It’s National Game & Puzzle Week! It always takes place in the U.S. during Thanksgiving week, when families are gathered and ready to play together. It’s also when many people are shopping for holiday gifts, and games make a great gift. The family time that happens when playing them is priceless. Here are some of our favorite games for teens and tweens and their families.
Great for those who like to giggle: Not Parent Approved Card Game
It’s like a family-friendly version of Cards Against Humanity! I love that there’s a ton of laughter when playing it. (I thought perhaps it was just us, but the comments on Amazon all mention laughing, too.) The game was a 2016 National Parenting Product Awards winner. It’s a card game so easy to take along when traveling, and great for groups.
Designed for 4 to 10 players, ages 8+.
Great for those who like to travel: Ticket to Ride
If your family loves travel or geography, this is a particularly appropriate game. We received it as a gift and found it very fun. There are versions set in the United States, Europe, Asia, India, and more.
If you’re new to the game and don’t have someone to help explain it to you, we think the board game is grasped a bit easier and quicker than the card game. It’s great for just two players, so good for small families or kids playing on their own.
Designed for 2 to 5 players, age 8+.
Great for those who like fun facts: Wits and Wagers
My teen likes this game and says it would be good for a family that’s competitive. Each turn asks a random fact, such as “What’s the world record number of tennis balls a dog has held in its mouth?” Each player makes a guess, and then you put wagers on who is closest to the correct answer. It’s entirely possible you could get no correct answers and still win the game. It can move very quickly, so great if you don’t have a ton of time or want to play multiple rounds or different games in a game night.
Designed for 3 or more players ages 6+.
Great for those who like strategy: Qwirkle
Our cousins recommended this game a few years ago because they enjoyed it so much. It is easy to understand, so with just a quick explanation everyone can dive into playing. The premise to create lines by matching tiles based on either color or shape. It sounds simple, but the combinations can get complex. It’s all about strategy and plotting (and a Mensa Select National Competition Winner), so I consistently lose. But it’s fun, and will develop reasoning skills. Qwirkle is good for a variety of age ranges, too.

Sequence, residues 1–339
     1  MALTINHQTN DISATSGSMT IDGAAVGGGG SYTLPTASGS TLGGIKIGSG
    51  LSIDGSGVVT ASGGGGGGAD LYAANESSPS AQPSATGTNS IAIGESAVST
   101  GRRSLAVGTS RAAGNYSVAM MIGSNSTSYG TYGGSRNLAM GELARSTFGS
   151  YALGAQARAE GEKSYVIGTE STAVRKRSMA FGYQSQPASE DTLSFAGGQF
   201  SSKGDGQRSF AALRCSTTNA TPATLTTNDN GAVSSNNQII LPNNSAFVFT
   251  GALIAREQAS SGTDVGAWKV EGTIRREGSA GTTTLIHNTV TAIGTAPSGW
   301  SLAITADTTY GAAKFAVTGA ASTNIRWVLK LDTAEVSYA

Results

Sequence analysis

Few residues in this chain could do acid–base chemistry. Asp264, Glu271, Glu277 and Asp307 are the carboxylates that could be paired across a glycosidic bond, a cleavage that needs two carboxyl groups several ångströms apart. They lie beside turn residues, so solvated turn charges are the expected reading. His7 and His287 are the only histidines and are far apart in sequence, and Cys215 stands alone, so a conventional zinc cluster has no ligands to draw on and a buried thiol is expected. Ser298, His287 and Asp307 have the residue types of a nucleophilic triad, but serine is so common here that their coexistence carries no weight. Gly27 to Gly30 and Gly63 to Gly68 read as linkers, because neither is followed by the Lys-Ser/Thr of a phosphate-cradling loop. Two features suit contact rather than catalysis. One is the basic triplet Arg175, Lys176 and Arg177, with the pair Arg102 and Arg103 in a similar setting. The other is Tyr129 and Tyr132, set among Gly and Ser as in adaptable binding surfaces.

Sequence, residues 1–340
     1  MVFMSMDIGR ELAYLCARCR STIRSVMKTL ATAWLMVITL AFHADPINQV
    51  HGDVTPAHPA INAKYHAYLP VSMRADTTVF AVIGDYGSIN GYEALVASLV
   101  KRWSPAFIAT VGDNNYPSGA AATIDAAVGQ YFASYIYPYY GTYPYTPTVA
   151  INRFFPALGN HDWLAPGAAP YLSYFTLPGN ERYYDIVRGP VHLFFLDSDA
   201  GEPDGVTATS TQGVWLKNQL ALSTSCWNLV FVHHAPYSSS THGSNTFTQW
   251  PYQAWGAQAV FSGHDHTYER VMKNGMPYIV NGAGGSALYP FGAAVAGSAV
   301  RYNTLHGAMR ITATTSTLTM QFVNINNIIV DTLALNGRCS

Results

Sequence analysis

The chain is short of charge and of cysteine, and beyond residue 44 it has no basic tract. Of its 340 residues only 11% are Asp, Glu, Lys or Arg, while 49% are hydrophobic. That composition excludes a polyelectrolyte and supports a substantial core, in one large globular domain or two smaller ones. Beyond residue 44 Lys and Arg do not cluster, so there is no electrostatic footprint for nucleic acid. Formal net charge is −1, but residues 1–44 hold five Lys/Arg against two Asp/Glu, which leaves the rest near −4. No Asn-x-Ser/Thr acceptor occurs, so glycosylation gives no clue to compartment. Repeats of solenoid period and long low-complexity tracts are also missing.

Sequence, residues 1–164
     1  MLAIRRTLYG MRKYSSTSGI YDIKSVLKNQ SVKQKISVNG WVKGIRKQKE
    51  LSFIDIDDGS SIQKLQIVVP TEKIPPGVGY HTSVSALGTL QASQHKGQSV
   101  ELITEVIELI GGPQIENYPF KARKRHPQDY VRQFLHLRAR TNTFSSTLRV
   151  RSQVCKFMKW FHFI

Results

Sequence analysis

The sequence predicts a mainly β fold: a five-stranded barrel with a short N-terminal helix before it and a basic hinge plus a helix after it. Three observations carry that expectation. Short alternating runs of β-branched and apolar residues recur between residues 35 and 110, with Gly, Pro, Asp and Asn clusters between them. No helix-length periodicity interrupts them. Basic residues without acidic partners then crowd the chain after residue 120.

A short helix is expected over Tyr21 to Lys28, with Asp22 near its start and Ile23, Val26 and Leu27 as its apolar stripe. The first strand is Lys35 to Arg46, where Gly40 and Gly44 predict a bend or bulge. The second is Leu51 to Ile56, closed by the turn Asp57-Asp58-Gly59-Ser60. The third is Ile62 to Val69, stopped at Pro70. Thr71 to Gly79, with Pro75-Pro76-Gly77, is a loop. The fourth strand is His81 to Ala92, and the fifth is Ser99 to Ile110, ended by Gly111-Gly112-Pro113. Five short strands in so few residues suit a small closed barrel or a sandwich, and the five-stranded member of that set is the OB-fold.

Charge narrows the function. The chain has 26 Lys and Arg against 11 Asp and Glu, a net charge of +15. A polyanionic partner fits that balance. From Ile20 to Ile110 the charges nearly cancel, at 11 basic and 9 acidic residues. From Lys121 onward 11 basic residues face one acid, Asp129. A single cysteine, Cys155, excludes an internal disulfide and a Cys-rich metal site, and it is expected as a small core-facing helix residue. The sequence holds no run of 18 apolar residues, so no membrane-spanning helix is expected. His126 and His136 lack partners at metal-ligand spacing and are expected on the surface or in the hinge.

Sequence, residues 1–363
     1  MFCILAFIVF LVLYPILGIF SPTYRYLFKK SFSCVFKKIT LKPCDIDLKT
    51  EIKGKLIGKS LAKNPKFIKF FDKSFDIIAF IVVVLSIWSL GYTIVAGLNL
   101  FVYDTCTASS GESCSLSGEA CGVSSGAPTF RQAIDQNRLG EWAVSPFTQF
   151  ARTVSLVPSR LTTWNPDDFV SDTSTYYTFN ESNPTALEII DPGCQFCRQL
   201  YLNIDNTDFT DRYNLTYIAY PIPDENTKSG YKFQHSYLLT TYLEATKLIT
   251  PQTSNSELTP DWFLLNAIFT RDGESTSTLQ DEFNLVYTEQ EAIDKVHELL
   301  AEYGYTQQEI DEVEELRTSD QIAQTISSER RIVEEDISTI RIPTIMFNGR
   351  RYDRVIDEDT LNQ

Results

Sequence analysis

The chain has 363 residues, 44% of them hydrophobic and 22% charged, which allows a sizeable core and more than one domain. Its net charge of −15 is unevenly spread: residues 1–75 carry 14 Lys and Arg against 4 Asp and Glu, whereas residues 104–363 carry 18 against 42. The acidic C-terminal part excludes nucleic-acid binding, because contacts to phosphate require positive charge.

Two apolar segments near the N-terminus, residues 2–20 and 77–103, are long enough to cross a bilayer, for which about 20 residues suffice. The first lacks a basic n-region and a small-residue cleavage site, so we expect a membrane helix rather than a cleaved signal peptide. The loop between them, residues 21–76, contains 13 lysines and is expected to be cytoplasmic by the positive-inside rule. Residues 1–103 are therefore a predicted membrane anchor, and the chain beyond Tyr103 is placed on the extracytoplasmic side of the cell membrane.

Designed for 2 to 4 players, ages 6+.
When I asked my teen daughter what her favorite games are, she replied, “Honestly, Sorry! never gets old.” She said she likes that it’s never the same and there are usually some twists in terms of who is leading.
Designed for 4 players, ages 6+
Whether you’re in Gryffindor, Hufflepuff, Ravenclaw or Slytherin, these games are fun for all houses with fans of the Harry Potter movies. The Clue game involves solving the mystery of a student’s disappearance from Hogwarts with rooms that move and secret passageways.
Note that the Trivial Pursuit game includes questions only about the movies and not about the books.
Harry Potter Clue designed for 2 o 6 players, ages 9+.
Trivial Pursuit designed for 2 to 6 players, ages 8+.
Great for being silly: Hedbanz
An acquaintance was recently in our basement and saw our Hedbanz game. “Bet that hasn’t been played in a while,” she said with a laugh. So, for some families, apparently, Hedbanz is firmly in the tween category. In our family, though, we still have fun with it. (And it was out because it had been recently used.) It’s up to you, but think it’s entertaining to try to help the person wearing the card on their forehead deduce what it is.
As Disney fans, we really enjoy the Disney Version.
Designed for 2 to 6 players, ages 7+
This is great for all ages. Just check on Amazon for Checkers + team name. I suspect the Chicago Cubs game will be a popular way to keep celebrating their World Series Victory.
Designed for 2 players.
Great for groups and multiple generations: Apples to Apples
This is firmly in the oldie but goodie category for us. It’s always fun to play with a group and usually results in a lot of laughs, and some explaining of historical figures and events, as well as their significance, to our teens.
Designed for 3+ players, ages 12+ (there is a junior version for younger kids).
You May Also Like: More fun board games to play with teens and tweens
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